ct_van_dyke_tribune_pool_100518_day_12_15_ct00831293511_e1538774046524.jpg

Chicago police Officer Jason Van Dyke, left, reacts to his guilty verdict
during his trial for the shooting death of Laquan McDonald, at the Leighton Criminal Court Building on Friday, Oct. 5, 2018. His lead attorney, Daniel Herbert, is at right. | Antonio Perez/pool/Chicago Tribune

Jason Van Dyke’s second-degree murder, aggravated battery verdict explained

SHARE Jason Van Dyke’s second-degree murder, aggravated battery verdict explained
SHARE Jason Van Dyke’s second-degree murder, aggravated battery verdict explained

Jason Van Dyke’s second-degree murder conviction means jurors first agreed he was guilty of first-degree murder —but a so-called “mitigating factor” ultimately lessened the crime.

Though a conviction for second-degree murder doesn’t necessarily carry prison time, Van Dyke’s additional convictions on 16 counts of aggravated battery guarantee he will spend time behind bars.

To find him guilty of first-degree murder, jurors had to find that Van Dyke “performed the acts which caused the death of Laquan McDonald” and when he did so, he “intended to kill or do great bodily harm to Laquan McDonald or he knew that such acts would cause death to Laquan McDonald or he knew that such acts created a strong probability of death or great bodily harm to Laquan McDonald” and he “was not justified in using the force which he used.”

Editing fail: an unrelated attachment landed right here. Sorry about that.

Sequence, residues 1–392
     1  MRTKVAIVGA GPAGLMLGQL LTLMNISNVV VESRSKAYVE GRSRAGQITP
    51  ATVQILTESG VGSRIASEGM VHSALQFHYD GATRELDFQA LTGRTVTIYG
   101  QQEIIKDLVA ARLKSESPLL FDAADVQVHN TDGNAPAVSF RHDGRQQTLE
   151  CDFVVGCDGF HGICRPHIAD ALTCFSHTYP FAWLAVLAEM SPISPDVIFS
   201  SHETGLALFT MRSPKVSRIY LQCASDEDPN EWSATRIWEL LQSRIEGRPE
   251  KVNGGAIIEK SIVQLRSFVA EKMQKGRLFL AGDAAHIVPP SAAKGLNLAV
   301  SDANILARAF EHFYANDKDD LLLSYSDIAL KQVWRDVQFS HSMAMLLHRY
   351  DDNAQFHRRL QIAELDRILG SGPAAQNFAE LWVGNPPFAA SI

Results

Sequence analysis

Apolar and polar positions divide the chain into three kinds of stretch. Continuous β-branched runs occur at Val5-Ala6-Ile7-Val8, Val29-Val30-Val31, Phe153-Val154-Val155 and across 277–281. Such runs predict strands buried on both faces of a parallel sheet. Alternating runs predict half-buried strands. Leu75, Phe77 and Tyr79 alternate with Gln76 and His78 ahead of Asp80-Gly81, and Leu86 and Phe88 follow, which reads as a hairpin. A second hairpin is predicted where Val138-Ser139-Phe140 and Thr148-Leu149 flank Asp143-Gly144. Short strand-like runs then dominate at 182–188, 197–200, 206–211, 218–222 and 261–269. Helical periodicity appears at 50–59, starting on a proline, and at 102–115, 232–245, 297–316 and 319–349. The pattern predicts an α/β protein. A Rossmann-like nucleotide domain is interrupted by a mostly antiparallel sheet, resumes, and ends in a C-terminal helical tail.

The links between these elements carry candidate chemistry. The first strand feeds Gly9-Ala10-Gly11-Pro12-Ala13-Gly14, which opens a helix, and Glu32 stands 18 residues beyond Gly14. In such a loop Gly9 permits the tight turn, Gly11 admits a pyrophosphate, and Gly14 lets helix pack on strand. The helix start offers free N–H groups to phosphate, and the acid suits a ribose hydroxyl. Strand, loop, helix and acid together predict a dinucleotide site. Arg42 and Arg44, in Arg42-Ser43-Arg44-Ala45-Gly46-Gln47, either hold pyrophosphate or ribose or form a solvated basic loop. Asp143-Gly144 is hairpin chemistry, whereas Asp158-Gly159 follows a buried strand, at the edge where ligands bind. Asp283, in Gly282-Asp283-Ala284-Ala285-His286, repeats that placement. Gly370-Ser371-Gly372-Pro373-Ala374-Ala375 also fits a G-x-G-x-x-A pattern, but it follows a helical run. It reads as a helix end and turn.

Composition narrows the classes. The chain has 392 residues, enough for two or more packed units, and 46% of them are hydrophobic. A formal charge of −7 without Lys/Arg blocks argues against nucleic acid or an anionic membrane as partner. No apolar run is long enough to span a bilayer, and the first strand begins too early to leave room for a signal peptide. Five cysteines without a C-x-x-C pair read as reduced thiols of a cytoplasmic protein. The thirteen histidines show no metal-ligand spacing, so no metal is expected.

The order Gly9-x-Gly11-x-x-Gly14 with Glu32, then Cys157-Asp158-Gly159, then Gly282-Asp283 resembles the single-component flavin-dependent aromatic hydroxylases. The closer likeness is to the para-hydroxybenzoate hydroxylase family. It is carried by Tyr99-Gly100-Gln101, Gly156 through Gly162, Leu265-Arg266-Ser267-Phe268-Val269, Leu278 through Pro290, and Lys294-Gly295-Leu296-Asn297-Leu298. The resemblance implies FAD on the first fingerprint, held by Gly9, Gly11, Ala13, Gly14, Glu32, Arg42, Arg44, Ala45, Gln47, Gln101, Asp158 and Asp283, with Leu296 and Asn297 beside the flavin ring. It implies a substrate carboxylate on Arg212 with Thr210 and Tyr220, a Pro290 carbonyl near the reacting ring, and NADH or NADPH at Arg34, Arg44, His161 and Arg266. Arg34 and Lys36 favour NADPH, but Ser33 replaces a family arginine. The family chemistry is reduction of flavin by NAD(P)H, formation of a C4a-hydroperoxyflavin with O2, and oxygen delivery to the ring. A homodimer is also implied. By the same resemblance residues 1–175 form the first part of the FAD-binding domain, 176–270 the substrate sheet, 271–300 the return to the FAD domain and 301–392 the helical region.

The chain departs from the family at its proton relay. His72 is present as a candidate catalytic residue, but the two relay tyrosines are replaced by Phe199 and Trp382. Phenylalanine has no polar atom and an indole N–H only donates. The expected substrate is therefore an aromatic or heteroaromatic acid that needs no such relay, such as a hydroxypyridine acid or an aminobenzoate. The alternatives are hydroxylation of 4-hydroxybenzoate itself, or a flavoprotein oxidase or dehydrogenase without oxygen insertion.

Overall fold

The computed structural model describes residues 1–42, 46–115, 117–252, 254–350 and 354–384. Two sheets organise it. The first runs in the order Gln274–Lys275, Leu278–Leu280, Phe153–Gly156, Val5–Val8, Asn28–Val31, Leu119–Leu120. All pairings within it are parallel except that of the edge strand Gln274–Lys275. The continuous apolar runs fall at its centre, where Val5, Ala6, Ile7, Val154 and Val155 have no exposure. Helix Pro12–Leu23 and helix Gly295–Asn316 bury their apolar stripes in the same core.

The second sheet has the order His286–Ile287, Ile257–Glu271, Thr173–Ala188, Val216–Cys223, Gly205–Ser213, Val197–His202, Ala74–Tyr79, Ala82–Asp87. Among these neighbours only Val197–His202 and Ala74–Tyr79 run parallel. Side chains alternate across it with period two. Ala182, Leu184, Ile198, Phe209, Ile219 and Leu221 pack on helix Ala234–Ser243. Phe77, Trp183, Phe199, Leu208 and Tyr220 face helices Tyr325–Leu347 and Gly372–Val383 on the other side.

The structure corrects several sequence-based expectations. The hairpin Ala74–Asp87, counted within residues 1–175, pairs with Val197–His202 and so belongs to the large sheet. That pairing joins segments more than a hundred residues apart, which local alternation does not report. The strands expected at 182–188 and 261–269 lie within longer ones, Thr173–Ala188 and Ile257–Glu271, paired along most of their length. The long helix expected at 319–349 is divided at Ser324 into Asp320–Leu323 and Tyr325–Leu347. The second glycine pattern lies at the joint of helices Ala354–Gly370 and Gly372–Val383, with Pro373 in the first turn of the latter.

Prosecutors had to prove those points beyond a reasonable doubt — the highest standard of proof in the court system. Jurors clearly crossed that threshold. But the judge then instructed them to consider a “mitigating” factor.

Van Dyke’s lawyers had to prove that he, “at the time he performed the acts which caused the death of Laquan McDonald, believed the circumstances to be such that they justified (the) deadly force he used, but his belief that such circumstances existed was unreasonable.”

Van Dyke’s defense team had only to prove that it was more likely true than not.

Following the verdict, three jurors, identified only by their numbers, said they had problems deciding between first and second-degree murder. They said they had to “break everything down and talk with each other.”

“Second-degree was the mitigating factor that in Mr. Van Dyke’s mind he was doing the right thing, he was experiencing an extreme threat, in his mind that’s how he’s experiencing it, and he felt like he needed to protect himself,” one of the jurors added.

That juror said the others ultimately agreed.

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